AJOB Primary Research: Volume 8 Issue 4 - Dec 2017

Ethical and regulatory challenges of research using pervasive sensing and other emerging technologies: IRB perspectives Camille Nebeker, John Harlow, Rebeca Espinoza Giacinto, Rubi Orozco-Linares, Cinnamon S. Bloss & Nadir Weibel

AJOB Neuroscience: Volume 8 Issue 3 - Oct 2017

Is That the Same Person? Case Studies in Neurosurgery Nancy S. Jecker & Andrew L. Ko

AJOB Neuroscience: Volume 8 Issue 3 - Oct 2017

The Problems With Fixating on Consciousness in Disorders of Consciousness David Fischer & Robert D. Truog

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News (60)

April 2, 2018 9:00 am

Planned Parenthood tweet calls for abortion Disney princess (BBC News)

Chief executive Melissa Reed said: “Today, we joined an ongoing Twitter conversation about the kinds of princesses people want to see in an attempt to make a point about the importance of telling stories that challenge stigma and championing stories that too often don’t get told. “Upon reflection, we decided that the seriousness of the point we were trying to make was not appropriate for the subject matter or context, and we removed the tweet.”

March 26, 2018 9:00 am

Female doctors have problems men can't fathom. Are we even welcome at work? (USA Today)

For decades, most analyses of female physicians were limited to small populations, and so what was known was not widely actionable. But in 2010, the Patient Protection and Affordable Care Act required the government to disclose physician demographics and Medicare reimbursements, and this has allowed researchers to paint a more complete picture of what it is like to be a working woman. It came as no surprise that after adjusting for experience, effort, and productivity, female physicians generally are paid significantly and substantially less by Medicare ($18,677 on average annually) than males. But it was surprising to see that women were not merely non-inferior to men as providers. Having a female physician can actually confer an advantage in patient care.

November 7, 2017 9:00 am

How Should Organizations Promote Equitable Distribution of Benefits from Technological Innovation in Health Care? (AMA Journal of Ethics)

Technological innovations typically benefit those who have good access to and an understanding of the underlying technologies. As such, technology-centered health care innovations are likely to preferentially benefit users of privileged socioeconomic backgrounds. Which policies and strategies should health care organizations adopt to promote equitable distribution of the benefits from technological innovations?

October 31, 2017 9:00 am

A healthier Halloween for kids, without cutting out candy? Yes, really. (Washington Post)

There is plenty of debate about whether parents should limit their kids’ access to Halloween activities and candy, in the name of fending off a lifetime of sugar cravings, or let them eat their fill. With childhood obesity on the rise and many parents eager to limit added sugars in their children’s diet, which approach is best for helping kids learn healthy eating habits?

October 30, 2017 9:00 am

Special Report: U.S. company makes a fortune selling bodies donated to science (Reuters)

McDonald’s and Kroc got rich selling hamburgers. Science Care and Rogers have made millions from human body parts. From 2012 through 2014, Rogers and his co-owner, wife Josie, parlayed the donated dead into at least $12.5 million in earnings, according to Internal Revenue Service audits and court documents reviewed by Reuters.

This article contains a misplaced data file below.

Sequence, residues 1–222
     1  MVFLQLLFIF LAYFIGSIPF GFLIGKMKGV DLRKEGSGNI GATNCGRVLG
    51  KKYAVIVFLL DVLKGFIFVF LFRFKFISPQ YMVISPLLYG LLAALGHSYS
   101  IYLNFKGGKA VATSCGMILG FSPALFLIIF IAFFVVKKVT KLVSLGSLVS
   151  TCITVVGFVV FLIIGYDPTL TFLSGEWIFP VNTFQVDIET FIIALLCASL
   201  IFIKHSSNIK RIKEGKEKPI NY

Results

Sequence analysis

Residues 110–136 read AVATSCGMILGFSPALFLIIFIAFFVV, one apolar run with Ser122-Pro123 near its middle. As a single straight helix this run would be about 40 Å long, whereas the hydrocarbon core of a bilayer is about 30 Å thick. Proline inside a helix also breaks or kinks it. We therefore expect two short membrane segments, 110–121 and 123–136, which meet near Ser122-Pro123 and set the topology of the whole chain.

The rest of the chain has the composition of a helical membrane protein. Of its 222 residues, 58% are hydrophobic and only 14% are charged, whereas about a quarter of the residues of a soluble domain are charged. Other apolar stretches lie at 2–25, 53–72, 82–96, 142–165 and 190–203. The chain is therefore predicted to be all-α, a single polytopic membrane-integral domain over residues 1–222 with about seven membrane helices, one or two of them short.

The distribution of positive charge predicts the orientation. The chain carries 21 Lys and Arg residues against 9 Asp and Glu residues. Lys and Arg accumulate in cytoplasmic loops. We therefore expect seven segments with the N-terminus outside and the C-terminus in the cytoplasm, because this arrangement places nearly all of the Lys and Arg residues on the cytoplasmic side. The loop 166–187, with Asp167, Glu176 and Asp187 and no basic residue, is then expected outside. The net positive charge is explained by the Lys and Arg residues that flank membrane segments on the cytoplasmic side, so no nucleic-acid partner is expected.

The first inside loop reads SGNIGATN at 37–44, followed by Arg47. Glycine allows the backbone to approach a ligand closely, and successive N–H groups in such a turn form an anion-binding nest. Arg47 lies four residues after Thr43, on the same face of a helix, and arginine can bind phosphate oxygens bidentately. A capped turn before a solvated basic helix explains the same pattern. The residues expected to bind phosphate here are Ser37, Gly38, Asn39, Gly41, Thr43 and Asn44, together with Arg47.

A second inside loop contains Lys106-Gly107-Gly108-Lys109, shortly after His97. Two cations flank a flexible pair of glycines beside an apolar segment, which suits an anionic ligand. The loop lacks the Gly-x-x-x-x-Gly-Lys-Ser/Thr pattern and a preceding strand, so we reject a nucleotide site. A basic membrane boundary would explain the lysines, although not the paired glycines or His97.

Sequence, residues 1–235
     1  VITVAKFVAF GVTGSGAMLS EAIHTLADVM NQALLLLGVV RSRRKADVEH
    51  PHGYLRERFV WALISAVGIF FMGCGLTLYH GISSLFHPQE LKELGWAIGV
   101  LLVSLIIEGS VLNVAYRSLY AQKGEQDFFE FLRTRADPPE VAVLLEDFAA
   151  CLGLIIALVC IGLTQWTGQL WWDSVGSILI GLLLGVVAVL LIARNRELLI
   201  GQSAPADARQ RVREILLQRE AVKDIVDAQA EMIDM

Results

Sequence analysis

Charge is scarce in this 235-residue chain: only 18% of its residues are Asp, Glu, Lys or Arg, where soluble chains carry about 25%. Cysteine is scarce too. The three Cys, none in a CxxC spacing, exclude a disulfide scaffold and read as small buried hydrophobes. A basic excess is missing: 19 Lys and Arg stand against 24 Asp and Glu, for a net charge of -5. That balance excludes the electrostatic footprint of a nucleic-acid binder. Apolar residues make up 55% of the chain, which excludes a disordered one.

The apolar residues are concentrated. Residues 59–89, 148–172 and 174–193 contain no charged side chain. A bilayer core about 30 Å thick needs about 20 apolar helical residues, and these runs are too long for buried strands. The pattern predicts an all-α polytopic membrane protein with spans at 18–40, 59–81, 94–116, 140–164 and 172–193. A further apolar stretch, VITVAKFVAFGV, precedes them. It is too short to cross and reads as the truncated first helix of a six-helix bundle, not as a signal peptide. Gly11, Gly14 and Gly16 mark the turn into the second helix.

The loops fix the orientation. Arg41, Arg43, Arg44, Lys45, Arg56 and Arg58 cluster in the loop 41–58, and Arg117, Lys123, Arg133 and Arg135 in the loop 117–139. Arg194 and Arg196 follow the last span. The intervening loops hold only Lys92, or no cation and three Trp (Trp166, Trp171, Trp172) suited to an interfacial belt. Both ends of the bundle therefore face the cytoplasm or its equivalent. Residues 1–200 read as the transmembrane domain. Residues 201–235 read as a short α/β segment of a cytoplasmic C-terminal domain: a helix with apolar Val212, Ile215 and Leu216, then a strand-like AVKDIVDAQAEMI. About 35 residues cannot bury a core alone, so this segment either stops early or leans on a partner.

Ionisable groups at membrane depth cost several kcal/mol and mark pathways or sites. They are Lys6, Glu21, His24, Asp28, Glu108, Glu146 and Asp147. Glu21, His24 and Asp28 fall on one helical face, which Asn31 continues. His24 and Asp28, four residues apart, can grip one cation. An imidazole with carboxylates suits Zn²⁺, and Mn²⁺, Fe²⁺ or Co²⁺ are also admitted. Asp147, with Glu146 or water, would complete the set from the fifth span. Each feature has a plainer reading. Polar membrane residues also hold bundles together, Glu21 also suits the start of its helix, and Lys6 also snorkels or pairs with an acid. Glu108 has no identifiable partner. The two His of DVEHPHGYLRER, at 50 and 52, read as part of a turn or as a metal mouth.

October 10, 2017 9:00 am

Knowingly infecting others with HIV is no longer a felony in California. Advocates say it targeted sex workers. (Washington Post)

California lawmakers have passed legislation to reduce the penalty for those who knowingly or intentionally expose others to HIV without their knowledge, rolling back a law that mostly affected sex workers. The bill, SB 239, which was approved by the Democrat-controlled state legislature in September and signed into law by Governor Jerry Brown on Friday, will lower the charges for these acts from a felony to a misdemeanor when the law goes into effect in 2018.

October 3, 2017 10:00 am

Teenage suicide is extremely difficult to predict. That’s why some experts are turning to machines for help. (Washington Post)

Researchers from Cincinnati Children’s Hospital Medical Center are testing an app in schools that analyzes language to determine whether teens are at risk for suicide.

September 14, 2017 9:00 am

Senate panel seeks middle ground on human fetal tissue research and abortion (Science)

The Senate Appropriations Committee, in a bill that boosts NIH funding by $2 billion, to $36.1 billion, ordered the biomedical research agency to launch a pilot study to determine whether banking tissue from stillbirths and spontaneous abortions, or miscarriages, could serve all of the needs of biomedical researchers.

September 7, 2017 9:00 am

Massive Ebola data site planned to combat outbreaks (Nature)

More than 11,000 people died when Ebola tore through West Africa between 2014 and 2016, and yet clinicians still lack data that would enable them to reliably identify the disease when a person first walks into a clinic. To fill that gap and others before the next outbreak hits, researchers are developing a platform to organize and share Ebola data that have so far been scattered beyond reach.

August 25, 2017 9:00 am

Teen drug overdose death rate climbed 19% in one year (CNN)

The rate of teen drug overdose deaths in the United States climbed 19% from 2014 to 2015, from 3.1 deaths per 100,000 teens to 3.7 per 100,000, according to data released this week. The new numbers involve teens ages 15 to 19 and were released by the National Center for Health Statistics.